The Lottery Mentality

Peter : On Rad's Radar?
| Peter Radizeski of RAD-INFO, Inc. talking telecom, Cloud, VoIP, CLEC, and The Channel.

The Lottery Mentality

"Girls star and generational lighting rod Lena Dunham made her big debut in New York City politics yesterday," according to the MIami New Times.

""Recent college graduates, she said, are 'struggling to find jobs and pay the rent and if they struggle for too long, they're leaving New York' for other cities, 'even Tampa,'" reports Capital NY on Dunham's remarks."

In Tampa Bay, there is always someone squawking about how to build a startup community, a Creative City, or how to get people to stay. Then I find out that just about every county in the US is facing the same dilemma. Strange, right?

At TEDx Manchester Village, some discussion centered on the image of Vermont. The population was getting older, while the younger people - the Millennials in particular - the 20 to 39 year olds - were leaving. That tilts the economy away from sustaining the older population. Welcome to Vermont or Florida or Arizona or Detroit!

There is also the national discussion about graduating more STEM degrees to maintain our innovation.

I think the big problem is the Lottery Mentality in the US. We are an impatient populace. We have ADD. And these are not good traits by any means.

Most people in tech want to be in Silicon Valley or Washington state. Musicians and actors want to be in LA (Hollywood). Bankers want to be on Wall Street. Politicos and journalists want to be in DC. Everyone gravitates to the epicenter of their industry.

It's about density. These epicenters have more of your industry. More equates with more opportunity. It also equates with way more competition. It also means less outside influence. Just look at DC. Talk about an epicenter with its head up its arse.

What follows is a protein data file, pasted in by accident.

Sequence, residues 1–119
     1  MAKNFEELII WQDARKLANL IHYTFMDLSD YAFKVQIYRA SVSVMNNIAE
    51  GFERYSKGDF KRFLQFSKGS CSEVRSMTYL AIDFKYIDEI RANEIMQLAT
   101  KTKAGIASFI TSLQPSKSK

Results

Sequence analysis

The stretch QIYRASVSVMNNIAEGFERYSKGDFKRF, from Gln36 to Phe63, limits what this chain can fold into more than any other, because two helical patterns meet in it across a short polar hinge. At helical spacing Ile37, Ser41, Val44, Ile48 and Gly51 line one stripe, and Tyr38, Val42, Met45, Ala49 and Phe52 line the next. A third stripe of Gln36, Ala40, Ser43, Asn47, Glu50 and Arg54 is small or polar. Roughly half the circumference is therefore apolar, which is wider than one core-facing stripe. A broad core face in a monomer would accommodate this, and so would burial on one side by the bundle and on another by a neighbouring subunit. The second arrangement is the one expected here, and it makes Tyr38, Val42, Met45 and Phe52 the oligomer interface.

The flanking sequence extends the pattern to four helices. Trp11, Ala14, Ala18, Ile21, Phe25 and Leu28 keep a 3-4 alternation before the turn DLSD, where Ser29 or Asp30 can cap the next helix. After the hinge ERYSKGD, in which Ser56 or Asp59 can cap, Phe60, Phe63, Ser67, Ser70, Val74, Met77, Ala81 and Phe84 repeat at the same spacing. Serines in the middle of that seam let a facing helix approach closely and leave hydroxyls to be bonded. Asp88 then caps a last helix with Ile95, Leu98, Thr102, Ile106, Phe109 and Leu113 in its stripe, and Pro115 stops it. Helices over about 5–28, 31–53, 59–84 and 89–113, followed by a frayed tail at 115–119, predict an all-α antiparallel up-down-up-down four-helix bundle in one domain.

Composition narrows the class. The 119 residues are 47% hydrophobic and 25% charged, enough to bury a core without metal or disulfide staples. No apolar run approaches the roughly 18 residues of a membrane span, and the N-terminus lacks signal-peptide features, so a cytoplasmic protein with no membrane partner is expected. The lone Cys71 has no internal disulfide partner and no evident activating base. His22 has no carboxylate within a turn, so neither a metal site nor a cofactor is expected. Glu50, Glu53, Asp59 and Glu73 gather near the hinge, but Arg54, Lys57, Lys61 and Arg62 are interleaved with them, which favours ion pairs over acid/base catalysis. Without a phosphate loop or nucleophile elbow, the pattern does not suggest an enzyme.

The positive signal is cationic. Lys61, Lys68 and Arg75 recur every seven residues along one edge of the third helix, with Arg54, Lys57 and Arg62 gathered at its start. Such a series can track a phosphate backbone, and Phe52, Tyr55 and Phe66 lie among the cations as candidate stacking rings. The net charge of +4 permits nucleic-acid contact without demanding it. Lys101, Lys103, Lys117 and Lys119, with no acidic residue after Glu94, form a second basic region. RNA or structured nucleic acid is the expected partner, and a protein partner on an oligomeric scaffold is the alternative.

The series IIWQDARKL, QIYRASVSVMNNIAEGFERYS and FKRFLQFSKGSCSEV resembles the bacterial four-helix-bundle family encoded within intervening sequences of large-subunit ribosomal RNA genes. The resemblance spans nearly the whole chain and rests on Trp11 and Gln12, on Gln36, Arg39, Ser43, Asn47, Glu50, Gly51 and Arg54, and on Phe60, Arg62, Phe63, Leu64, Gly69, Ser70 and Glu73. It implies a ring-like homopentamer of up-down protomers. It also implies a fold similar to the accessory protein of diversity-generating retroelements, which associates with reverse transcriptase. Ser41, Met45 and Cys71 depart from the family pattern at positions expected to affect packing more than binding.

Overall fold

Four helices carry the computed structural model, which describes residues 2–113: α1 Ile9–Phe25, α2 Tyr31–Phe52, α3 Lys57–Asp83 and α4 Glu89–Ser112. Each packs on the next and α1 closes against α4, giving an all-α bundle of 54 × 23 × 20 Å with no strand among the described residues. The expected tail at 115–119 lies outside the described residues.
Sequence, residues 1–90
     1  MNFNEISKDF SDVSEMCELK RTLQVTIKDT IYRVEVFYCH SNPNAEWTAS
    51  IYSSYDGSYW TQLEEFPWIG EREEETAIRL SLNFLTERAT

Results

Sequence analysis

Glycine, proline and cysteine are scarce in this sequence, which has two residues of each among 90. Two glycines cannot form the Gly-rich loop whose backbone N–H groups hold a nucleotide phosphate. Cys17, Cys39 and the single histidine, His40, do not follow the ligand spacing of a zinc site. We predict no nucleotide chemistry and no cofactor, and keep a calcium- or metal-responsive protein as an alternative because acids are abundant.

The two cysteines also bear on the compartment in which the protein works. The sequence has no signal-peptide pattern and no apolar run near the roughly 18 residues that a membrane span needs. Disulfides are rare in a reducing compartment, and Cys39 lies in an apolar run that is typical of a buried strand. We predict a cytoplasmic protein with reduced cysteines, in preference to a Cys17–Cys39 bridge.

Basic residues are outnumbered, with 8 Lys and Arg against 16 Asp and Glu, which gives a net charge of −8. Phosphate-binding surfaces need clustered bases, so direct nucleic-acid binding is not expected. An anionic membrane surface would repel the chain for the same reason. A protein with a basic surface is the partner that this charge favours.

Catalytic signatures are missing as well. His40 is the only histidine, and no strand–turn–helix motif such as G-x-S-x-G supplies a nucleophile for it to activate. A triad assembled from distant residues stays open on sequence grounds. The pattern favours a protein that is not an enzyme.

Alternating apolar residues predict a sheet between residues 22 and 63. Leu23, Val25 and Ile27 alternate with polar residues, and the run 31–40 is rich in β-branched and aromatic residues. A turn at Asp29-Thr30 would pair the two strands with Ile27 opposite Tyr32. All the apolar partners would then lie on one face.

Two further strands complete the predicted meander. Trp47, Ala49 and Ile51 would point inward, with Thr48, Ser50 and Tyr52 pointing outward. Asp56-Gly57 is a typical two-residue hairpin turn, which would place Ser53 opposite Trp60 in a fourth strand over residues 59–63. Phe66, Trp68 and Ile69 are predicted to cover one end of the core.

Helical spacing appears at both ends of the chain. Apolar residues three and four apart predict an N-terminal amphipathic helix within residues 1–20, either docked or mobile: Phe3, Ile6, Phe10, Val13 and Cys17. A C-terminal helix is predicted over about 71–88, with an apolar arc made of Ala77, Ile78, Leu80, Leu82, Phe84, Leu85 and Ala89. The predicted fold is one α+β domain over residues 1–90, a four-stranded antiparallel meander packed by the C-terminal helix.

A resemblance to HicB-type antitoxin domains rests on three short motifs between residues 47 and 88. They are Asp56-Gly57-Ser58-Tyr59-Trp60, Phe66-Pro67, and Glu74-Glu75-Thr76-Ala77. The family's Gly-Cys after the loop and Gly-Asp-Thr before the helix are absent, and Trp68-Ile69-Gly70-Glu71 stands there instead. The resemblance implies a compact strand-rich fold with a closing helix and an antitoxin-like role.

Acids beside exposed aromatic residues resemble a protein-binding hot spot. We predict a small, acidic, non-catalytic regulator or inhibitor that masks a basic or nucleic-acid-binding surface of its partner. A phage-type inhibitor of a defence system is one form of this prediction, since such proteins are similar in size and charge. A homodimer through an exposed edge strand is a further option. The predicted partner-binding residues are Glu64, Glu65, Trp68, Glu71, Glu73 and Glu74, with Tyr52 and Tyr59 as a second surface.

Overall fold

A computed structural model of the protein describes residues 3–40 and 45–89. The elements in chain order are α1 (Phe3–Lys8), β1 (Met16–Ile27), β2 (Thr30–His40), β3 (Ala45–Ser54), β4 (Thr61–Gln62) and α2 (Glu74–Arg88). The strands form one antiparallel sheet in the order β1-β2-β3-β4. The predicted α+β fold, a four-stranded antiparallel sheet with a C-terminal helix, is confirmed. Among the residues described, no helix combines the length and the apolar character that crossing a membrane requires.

The lottery ticket mentality is about not just wanting it now but wanting to be a big winner. Being Picked.

There is no patience for building slowly. There is the thinking that moving to the hive will somehow jump start the career, the business, the stardom.

Our Celebrity culture may be a small influence here as well. Hoping to be re-tweeted by our favorite celeb or bumping into them in Starbucks ... WOW! The Oprah Effect. Unfortunately, it is forgotten that it doesn't work all the time. In fact, it doesn't work most of the time.

Dunham thinks that NYC is getting too expensive to sustain a starving artist. That's okay, Grunge started in Seattle. There will be another hive. In tech, there is NYC, Boston, Austin, RTP, Boulder and even Tampa and Vegas. You don't have to chase the mother ship. You can just ship your Art from where you are.


In Tampa Bay, the talk is of the lack of active VC (venture capital) being a hurdle to the growth of the startup community. I think that it isn't about VC money; it is about sustainable business models. Remember the Internet bubble of 2000 where every dot com got funded without a business plan? No one learned the lesson. Waiting for a VC is like waiting for a publisher or a record deal or a modeling contract. It's this mentality that results in lottery being the number one retirement plan.

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